The proper way to present the question of estoppel is by answer setting out the facts, not by motion to dismiss for want of jurisdiction. Reid v. Holden, 242 N.C. 408, 88 S.E. 2d 125. When, as here, facts are pleaded to estop a party from asserting a right, the sufficiency of the plea cannot be determined before the evidence supporting the plea is offered. Reid v. Holden, supra; Ransom v. Robinson, 249 N.C. 634, 107 S.E. 2d 87.
Here the parties apparently treated the “motion to dismiss” as an answer and at least tacitly consented to a determination of the effect of that plea prior to a trial on the merits. That procedure was permissible. Gillikin v. Gillikin, 248 N.C. 710, 104 S.E. 2d 861; Jones v. Mathis, 254 N.C. 421, 119 S.E. 2d 200.
The question for decision then is: Are the facts alleged and found sufficient to sustain the plea of res judicata? Defendants attach to their motion copies of the pleadings, affidavits to obtain orders directing service of process by publication and appointment of a guardian *29 ad litem, order directing publication, copy of the published notice of summons, consent judgment which directs a sale for partition, and decree confirming the sales. All these papers are captioned as follows: “THERESA BAKER DRAKE, Fannie T. Baker Smith, Lennie Doris Baker Hutchinson, and Ruth Baker Harris v. THE UNIVERSITY OF NORTH CAROLINA (a body politic and corporate), and John S. Davis, Clerk of Superior Court of Lenoir County, and Elijah J. Baker; and any and all unknown heirs of Annie T. Baker, deceased, whether in being or not in being or under disabilities, and all other persons who might in any contingency be or become interested in the lands and estate of the said Annie T. Baker, deceased.” (Emphasis supplied.)
In the action pleaded as an estoppel plaintiffs alleged they had, with the other heirs of John D. Baker, executed a deed to his widow, Annie; the deed was void as to them because they were married and their husbands had not consented to the conveyance; the widow died leaving no heirs; her property escheated to the University; plaintiffs sought to be adjudged cotenants with the University and adjudged the owners of an undivided 4/36ths interest in the lands conveyed to Annie T. Baker.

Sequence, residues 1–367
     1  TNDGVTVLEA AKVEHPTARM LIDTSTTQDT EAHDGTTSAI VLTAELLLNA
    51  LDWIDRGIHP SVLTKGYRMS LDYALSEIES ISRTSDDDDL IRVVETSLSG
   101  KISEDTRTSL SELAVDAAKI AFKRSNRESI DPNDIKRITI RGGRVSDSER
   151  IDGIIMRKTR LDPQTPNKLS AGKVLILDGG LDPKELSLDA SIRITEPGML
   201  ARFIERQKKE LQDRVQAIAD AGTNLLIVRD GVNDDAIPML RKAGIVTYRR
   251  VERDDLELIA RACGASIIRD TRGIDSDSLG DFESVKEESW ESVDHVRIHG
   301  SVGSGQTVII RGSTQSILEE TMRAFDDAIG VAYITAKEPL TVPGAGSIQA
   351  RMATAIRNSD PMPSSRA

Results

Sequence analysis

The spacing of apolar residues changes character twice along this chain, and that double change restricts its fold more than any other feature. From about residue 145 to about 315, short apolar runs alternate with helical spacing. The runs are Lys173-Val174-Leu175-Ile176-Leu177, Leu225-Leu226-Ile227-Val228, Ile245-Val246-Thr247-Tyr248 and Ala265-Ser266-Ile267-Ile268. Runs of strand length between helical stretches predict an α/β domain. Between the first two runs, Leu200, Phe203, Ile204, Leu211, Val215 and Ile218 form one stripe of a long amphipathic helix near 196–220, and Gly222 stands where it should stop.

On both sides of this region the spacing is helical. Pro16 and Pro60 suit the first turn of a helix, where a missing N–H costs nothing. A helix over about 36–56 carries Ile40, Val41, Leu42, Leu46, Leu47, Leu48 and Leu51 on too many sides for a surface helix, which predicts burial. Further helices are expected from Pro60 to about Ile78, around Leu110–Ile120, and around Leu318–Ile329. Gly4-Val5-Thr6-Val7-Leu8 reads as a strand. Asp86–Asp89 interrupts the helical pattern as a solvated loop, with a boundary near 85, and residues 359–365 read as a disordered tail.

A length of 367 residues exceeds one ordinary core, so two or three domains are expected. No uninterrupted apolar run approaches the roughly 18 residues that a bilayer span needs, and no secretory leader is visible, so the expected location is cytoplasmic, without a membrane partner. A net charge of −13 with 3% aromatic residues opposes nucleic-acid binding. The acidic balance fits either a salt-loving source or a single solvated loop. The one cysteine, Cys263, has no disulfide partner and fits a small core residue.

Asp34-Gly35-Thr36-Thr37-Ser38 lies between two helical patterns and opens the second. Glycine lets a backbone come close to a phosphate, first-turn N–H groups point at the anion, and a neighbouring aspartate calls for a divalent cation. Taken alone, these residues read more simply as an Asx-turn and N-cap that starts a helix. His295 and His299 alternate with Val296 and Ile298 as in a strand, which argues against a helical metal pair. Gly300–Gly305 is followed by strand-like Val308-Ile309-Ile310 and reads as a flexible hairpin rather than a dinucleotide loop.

By consent a jury trial was waived. The court, based on the pleadings and the admissions of the parties, found: The heirs of John D. Baker were four named living brothers, a sister, and six named children of James Baker, a deceased brother. The named six did not include plaintiffs’ ancestor, James Baker, Jr. No reference is made to him.
The court thereupon by consent adjudged plaintiffs owned 3/36ths interest in the property in controversy. The University owned the remainder. It directed a sale for partition. This judgment was consented to by the plaintiffs in person, by their counsel, by counsel for the University, by the defendant Elij ah J. Baker, by his attorneys, and by the guardian ad litem. No one purported to speak for the petitioner, Doris Baker Sutton, unless she was included in the class for whom the guardian ad litem had authority to speak. His authority was limited to those bound by the decree as declared by the court, namely: “any and all unknown heirs of Annie T. Baker, deceased, whether in being or not in being or under disabilities, and all other persons who might in any contingency be or become interested in the lands and estate of the said Annie T. Baker, deceased, have been properly made parties to this action and duly served with process in the manner by law provided. . .”